While H&I is well known and respected abroad, their brand awareness in the U.S. hovers somewhere near zilch. But H&I wanted to change that, and in 2019, as part of the Mighty Big Grant, they partnered with us to address one big question: What message would best move Americans to engage with Humanity & Inclusion?

The project budget wouldn’t permit a nationwide research project replete with surveys, focus groups, user interviews, and so on. But it would allow for a healthy amount of targeted social media advertising.

In a “bizarro” version of our normal process—in which research begets design—we inverted things. We started by designing three campaign concepts, ranging from “emotive” to “provocative.” We’d run the ads and measure which message was most engaging. Engagement in this case meant that viewers signed up for H&I emails or signed a petition. We fully expected all three ad campaigns to garner awareness and engage our audiences.


Three Unique Campaign Messages

Here are sample ads from the three messages we created:

The copy for the “Common Senses” campaign incorporates characteristics of the problem through design.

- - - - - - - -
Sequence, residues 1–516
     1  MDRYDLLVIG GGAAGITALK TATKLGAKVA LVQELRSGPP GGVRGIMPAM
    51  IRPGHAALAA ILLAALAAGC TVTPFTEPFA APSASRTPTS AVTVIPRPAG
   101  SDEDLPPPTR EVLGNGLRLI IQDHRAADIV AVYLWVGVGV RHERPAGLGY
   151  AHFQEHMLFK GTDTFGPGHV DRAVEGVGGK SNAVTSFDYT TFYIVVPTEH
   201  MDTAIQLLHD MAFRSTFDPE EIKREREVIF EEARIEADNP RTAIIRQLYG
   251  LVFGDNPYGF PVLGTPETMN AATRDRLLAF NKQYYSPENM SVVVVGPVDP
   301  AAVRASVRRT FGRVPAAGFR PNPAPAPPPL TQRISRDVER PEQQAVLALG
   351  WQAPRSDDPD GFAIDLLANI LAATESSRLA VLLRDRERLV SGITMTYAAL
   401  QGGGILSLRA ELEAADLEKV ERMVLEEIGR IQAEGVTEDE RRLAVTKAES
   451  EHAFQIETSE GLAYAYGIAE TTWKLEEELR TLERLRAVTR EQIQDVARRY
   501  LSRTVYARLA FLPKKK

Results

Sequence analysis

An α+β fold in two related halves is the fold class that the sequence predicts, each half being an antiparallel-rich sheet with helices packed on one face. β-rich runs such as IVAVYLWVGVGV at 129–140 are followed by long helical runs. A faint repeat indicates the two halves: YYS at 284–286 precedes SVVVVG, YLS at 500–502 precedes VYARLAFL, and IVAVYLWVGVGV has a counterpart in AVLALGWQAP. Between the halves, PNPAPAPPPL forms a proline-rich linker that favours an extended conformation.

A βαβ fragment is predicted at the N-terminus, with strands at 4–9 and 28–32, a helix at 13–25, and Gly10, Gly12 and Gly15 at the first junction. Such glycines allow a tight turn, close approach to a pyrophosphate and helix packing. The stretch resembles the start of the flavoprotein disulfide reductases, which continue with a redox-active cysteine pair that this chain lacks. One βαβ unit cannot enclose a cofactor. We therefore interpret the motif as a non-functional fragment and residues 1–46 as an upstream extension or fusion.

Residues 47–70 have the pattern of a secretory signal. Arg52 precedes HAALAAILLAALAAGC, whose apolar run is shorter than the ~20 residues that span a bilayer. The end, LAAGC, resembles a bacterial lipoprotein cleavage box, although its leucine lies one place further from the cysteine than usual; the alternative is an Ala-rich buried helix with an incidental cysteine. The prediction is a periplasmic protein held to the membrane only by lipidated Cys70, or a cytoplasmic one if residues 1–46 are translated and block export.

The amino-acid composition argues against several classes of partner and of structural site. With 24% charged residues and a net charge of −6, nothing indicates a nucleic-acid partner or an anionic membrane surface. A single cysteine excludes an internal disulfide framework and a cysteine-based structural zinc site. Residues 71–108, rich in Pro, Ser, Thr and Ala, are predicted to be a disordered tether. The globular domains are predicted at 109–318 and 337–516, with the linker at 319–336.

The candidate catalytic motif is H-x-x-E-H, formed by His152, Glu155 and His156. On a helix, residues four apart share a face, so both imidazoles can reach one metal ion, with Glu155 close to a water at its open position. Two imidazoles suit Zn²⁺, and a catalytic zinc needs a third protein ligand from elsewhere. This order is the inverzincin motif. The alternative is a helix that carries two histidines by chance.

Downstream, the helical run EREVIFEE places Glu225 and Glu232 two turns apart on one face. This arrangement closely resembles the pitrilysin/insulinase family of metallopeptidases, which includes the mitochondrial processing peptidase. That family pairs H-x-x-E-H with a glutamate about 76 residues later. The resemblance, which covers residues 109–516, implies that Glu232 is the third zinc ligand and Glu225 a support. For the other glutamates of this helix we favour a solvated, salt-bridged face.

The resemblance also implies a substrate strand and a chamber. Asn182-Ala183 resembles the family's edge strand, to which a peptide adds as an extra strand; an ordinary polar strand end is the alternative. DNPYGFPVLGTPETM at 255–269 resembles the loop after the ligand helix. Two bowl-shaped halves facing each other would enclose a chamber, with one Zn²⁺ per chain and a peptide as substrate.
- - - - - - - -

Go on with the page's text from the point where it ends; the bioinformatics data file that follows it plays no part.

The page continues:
Our “Wardrobe” campaign on Instagram Stories. Along with the imagery, the copy subverts the comfort of digital commerce with disturbing reinterpretations of consumer language (i.e.“Half Off!”, “Blow-out Sale!”).


Our “Casualties of War” campaign on Instagram Stories. The call to action asks the viewer to learn more about the stories of these “casualties of war” on a landing page that highlights how HI has served them. 

Each ad campaign ran on Facebook and Instagram for weeks and linked to a unique landing page on the H&I website. Throughout the campaign, we jumped into the numbers to see what we could learn and optimize, being as efficient with our budget as possible.


The Results

The campaign we named “Wardrobe” earned the most direct engagement: It was the most effective at raising awareness, generating buzz, and bringing in donations (bonus!).

Our “Wardrobe” campaign on Facebook and Instagram.